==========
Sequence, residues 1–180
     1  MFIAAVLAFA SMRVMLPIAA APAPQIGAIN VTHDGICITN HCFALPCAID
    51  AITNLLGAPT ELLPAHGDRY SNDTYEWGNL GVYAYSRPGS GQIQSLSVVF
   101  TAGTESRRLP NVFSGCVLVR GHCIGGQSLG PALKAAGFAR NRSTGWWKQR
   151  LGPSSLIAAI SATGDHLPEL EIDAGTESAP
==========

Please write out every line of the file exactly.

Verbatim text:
Sequence, residues 1–180
     1  MFIAAVLAFA SMRVMLPIAA APAPQIGAIN VTHDGICITN HCFALPCAID
    51  AITNLLGAPT ELLPAHGDRY SNDTYEWGNL GVYAYSRPGS GQIQSLSVVF
   101  TAGTESRRLP NVFSGCVLVR GHCIGGQSLG PALKAAGFAR NRSTGWWKQR
   151  LGPSSLIAAI SATGDHLPEL EIDAGTESAP